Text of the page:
Therefore, the response time guidelines for web-based applications are the same as for all other applications. These guidelines have been the same for 46 years now, so they are also not likely to change with whatever implementation technology comes next.
0.1 second: Limit for users feeling that they are directly manipulating objects in the UI. For example, this is the limit from the time the user selects a column in a table until that column should highlight or otherwise give feedback that it’s selected. Ideally, this would also be the response time for sorting the column — if so, users would feel that they are sorting the table. (As opposed to feeling that they are ordering the computer to do the sorting for them.)
1 second: Limit for users feeling that they are freely navigating the command space without having to unduly wait for the computer. A delay of 0.2–1.0 seconds does mean that users notice the delay and thus feel the computer is “working” on the command, as opposed to having the command be a direct effect of the users’ actions. Example: If sorting a table according to the selected column can’t be done in 0.1 seconds, it certainly has to be done in 1 second, or users will feel that the UI is sluggish and will lose the sense of “flow” in performing their task. For delays of more than 1 second, indicate to the user that the computer is working on the problem, for example by changing the shape of the cursor.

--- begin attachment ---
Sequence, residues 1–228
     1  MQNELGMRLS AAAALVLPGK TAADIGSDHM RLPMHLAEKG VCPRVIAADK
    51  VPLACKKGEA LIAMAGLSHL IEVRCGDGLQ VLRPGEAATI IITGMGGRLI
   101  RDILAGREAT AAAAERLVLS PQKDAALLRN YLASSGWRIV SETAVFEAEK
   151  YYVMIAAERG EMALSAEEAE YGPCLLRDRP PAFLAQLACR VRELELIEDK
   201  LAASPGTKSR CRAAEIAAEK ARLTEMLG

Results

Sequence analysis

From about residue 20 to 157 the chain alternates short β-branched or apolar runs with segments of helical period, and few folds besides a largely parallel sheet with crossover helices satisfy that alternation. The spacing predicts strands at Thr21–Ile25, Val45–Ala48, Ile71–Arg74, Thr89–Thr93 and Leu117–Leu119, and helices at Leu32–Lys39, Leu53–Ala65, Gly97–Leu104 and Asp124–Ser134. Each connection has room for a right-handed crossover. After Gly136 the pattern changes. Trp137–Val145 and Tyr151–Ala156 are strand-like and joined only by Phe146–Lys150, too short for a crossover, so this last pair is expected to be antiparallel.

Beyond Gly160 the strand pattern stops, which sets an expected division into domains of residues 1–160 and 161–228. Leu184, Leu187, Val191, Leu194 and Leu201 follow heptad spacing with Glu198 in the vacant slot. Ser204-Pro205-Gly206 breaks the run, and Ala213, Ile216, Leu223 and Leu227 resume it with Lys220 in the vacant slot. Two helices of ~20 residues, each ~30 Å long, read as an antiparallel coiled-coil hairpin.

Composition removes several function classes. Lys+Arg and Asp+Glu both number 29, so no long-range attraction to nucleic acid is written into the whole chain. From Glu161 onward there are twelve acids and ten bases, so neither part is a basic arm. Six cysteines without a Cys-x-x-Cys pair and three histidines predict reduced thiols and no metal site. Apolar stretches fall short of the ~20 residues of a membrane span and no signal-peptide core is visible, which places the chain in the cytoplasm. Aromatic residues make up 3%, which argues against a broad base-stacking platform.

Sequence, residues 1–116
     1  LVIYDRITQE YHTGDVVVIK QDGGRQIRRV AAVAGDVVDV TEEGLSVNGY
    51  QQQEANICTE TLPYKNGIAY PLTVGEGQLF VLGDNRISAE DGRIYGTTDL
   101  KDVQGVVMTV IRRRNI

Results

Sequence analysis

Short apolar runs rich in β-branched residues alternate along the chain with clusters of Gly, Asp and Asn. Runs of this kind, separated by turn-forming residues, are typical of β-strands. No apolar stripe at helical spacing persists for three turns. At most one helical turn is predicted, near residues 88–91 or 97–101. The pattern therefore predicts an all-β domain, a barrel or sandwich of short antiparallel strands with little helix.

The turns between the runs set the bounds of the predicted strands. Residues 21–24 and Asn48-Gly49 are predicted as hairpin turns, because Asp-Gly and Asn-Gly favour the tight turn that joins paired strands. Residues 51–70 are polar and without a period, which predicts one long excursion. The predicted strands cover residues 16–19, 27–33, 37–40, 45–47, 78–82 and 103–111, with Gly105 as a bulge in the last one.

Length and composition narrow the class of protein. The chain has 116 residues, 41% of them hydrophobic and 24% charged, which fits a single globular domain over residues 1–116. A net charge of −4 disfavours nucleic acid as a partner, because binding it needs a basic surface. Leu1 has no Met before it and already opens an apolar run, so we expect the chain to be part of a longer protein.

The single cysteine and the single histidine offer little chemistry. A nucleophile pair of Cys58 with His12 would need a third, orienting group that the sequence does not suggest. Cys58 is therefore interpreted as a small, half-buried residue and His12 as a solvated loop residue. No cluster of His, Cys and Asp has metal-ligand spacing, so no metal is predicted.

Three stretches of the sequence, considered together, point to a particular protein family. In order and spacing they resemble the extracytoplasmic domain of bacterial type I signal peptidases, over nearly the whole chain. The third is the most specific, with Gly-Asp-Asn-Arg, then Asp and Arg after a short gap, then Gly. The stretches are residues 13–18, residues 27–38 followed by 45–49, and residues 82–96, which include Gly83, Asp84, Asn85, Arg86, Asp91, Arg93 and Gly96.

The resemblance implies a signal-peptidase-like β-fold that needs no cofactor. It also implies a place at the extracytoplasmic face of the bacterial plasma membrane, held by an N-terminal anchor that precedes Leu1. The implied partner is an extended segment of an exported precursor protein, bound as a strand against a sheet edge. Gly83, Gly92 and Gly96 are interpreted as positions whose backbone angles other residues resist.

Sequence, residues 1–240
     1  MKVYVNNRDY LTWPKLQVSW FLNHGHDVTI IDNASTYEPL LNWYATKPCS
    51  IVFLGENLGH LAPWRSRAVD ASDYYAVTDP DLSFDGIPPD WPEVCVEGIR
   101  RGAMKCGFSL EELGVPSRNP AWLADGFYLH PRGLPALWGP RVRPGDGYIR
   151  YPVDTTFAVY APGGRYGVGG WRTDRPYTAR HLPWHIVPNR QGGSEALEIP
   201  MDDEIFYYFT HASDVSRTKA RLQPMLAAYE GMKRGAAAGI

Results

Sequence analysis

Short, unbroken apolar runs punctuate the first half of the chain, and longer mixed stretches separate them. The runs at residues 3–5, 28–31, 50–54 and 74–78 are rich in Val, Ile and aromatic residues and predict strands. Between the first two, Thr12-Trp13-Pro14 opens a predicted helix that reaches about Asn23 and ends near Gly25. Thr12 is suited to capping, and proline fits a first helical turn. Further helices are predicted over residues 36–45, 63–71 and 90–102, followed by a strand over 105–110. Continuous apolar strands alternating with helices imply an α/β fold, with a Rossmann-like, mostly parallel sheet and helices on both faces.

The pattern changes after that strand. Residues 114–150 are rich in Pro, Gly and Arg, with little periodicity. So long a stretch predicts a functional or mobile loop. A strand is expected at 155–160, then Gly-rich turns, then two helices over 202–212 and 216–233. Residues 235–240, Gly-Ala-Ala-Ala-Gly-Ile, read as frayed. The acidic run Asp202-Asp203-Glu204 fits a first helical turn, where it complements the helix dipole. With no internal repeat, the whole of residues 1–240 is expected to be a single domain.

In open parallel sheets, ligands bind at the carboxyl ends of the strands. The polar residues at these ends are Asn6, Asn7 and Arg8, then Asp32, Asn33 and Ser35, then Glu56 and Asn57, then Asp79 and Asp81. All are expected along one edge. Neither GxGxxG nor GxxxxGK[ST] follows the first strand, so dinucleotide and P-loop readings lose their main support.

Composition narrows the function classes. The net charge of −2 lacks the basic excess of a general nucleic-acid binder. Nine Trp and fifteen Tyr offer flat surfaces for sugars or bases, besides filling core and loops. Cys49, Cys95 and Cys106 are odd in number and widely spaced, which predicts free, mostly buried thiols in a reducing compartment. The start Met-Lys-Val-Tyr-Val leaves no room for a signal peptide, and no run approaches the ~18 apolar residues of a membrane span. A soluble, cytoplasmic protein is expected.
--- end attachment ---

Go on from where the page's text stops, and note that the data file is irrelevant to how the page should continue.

10 seconds: Limit for users keeping their attention on the task. Anything slower than 10 seconds needs a percent-done indicator as well as a clearly signposted way for the user to interrupt the operation. Assume that users will need to reorient themselves when they return to the UI after a delay of more than 10 seconds. Delays of longer than 10 seconds are only acceptable during natural breaks in the user’s work, for example when switching tasks.